Ecology of the Bacteria of the Sulphur Cycle with Special Reference to Anoxic-Oxic Interface Environments [and Discussion]

B. B. Jorgensen, J. R. Postgate

Abstract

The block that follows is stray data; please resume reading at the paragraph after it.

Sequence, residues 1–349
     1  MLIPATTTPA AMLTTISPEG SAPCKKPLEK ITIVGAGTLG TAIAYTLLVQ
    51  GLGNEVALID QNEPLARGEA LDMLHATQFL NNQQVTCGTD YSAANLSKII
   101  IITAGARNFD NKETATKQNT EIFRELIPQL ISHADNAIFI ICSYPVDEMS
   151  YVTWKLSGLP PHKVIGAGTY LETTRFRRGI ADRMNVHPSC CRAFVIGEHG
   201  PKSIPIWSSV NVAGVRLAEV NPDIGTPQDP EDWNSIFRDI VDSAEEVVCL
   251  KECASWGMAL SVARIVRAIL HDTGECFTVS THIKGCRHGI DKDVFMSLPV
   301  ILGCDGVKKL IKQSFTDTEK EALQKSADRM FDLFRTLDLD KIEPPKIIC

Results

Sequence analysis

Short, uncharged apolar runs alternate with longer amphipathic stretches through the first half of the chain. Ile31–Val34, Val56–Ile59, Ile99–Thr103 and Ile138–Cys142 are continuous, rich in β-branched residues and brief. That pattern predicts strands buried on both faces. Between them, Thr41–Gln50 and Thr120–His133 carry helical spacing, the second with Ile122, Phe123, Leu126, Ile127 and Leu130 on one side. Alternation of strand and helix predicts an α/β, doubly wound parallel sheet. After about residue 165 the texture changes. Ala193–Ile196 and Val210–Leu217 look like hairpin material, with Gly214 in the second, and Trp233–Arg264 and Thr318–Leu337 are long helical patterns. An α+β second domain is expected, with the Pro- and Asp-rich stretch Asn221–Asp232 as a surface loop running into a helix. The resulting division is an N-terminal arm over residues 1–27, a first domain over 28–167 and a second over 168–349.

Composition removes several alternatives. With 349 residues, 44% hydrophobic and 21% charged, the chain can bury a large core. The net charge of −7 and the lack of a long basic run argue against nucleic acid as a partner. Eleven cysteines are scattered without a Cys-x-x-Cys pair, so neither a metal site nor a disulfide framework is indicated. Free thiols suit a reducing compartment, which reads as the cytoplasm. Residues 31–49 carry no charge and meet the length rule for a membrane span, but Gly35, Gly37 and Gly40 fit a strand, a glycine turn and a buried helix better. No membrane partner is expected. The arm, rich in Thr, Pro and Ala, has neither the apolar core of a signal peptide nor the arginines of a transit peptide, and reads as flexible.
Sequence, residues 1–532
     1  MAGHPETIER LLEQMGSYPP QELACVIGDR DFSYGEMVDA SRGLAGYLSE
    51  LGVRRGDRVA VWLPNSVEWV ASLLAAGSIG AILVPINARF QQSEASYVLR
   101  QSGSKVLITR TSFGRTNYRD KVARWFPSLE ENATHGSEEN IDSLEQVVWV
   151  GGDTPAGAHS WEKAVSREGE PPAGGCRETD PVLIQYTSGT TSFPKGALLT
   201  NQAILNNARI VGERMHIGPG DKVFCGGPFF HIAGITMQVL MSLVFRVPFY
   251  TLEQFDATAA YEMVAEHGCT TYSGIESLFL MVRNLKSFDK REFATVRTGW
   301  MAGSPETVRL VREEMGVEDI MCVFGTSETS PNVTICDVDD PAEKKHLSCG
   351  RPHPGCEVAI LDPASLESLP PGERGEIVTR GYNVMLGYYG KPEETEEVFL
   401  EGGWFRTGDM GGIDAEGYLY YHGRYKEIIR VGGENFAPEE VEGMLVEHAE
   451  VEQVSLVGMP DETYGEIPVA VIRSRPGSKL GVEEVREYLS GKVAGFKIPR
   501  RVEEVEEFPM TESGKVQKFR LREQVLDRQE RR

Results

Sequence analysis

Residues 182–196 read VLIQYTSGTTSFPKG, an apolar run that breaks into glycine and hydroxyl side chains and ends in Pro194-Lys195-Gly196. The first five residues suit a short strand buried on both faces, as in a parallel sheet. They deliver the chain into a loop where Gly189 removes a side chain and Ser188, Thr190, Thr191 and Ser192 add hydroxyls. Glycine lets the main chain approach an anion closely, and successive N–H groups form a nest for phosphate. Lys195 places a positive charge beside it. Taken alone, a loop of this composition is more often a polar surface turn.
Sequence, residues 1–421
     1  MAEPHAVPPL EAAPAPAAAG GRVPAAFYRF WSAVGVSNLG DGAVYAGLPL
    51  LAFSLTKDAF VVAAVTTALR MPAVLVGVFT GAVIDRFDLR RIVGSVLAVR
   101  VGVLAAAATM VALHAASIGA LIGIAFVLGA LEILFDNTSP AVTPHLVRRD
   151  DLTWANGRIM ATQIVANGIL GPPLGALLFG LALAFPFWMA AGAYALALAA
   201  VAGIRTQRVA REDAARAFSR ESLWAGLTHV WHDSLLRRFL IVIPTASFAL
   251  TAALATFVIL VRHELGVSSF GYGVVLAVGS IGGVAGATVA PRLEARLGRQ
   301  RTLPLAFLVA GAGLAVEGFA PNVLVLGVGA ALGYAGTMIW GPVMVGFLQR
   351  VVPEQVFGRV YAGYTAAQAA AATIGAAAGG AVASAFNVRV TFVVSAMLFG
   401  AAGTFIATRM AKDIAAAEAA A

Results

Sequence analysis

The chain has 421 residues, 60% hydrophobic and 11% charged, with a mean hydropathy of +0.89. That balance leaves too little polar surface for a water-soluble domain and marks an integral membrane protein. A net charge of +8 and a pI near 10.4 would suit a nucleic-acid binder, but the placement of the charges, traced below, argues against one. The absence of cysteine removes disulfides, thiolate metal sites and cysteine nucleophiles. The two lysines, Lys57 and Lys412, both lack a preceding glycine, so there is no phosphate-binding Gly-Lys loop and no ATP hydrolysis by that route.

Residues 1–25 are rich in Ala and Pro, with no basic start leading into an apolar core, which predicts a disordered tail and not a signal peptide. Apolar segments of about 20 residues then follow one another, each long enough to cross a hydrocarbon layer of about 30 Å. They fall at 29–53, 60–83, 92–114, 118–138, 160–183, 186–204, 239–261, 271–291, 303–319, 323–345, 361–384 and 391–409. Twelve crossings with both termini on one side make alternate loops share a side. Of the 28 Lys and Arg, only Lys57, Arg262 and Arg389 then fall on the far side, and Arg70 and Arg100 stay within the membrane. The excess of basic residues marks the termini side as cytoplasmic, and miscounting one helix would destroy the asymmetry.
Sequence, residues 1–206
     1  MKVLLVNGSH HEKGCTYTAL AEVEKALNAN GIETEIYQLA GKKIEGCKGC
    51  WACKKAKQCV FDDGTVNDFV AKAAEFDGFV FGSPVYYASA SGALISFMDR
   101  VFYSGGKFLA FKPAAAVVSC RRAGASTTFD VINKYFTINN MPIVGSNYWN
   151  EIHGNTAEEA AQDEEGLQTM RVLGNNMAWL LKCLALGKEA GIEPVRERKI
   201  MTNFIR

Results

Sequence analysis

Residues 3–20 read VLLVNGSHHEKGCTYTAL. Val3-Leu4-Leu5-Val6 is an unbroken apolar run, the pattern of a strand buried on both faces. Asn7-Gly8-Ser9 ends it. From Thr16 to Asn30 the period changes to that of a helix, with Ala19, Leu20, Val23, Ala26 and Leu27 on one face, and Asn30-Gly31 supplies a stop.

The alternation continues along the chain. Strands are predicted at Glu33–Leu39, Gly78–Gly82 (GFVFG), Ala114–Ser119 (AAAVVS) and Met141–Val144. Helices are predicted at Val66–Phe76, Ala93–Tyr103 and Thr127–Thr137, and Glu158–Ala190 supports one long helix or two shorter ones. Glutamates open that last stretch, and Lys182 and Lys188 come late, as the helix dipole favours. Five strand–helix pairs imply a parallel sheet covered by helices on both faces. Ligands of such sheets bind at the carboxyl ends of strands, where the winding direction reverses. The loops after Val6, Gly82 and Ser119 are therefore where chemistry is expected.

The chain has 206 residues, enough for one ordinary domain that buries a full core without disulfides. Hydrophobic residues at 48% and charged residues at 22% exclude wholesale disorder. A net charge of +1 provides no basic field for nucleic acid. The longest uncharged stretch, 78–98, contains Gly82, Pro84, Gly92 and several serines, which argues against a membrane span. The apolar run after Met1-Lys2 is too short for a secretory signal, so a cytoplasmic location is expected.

H<latex>$_2$</latex>S is produced as a main end-product of anaerobic mineralization in anoxic, sulphate-rich environments by a diverse population of sulphate-reducing bacteria. The sulphate reducers can carry out an almost complete oxidation of detrital organic matter to CO<latex>$_2$</latex>. The H<latex>$_2$</latex>S consequently becomes an important electron carrier from the anoxic to the oxic world. Thiobacilli and other colourless sulphur bacteria have the potential to oxidize the H<latex>$_2$</latex>S at the oxic-anoxic interface in sediments or stratified waters, but their role is still poorly understood. A comparison of sulphide oxidation processes in the chemoclines of the Black Sea, the Solar Lake and in a Beggiatoa mat indicated that depth scales and retention times of coexisting O<latex>$_2$</latex> and H<latex>$_2$</latex>S regulate the bacterial involvement in the sulphide oxidation. The H<latex>$_2$</latex>S specialists, Beggiatoa and Thiovulum, are optimally adapted to compete with the autocatalytic oxidation of H<latex>$_2$</latex>S by O<latex>$_2$</latex>. Microelectrode measurements show retention times of O<latex>$_2$</latex>-H<latex>$_2$</latex>S in the bacterial mats or veils of less than 1 s. In photic chemoclines of stratified waters or sulfureta, the phototrophic sulphur bacteria or cyanobacteria interact with the sulphide oxidation at the O<latex>$_2$</latex>-H<latex>$_2$</latex>S interface. Short cycles between H<latex>$_2$</latex>S and intermediate oxidation products, S<latex>$^0$</latex> or S<latex>$_2$</latex>O<latex>$^{2-}_3$</latex>, are created. The bacteria of the sulfuretum are highly adapted to the diurnal rhythm of light, O<latex>$_2$</latex> and H<latex>$_2$</latex>S.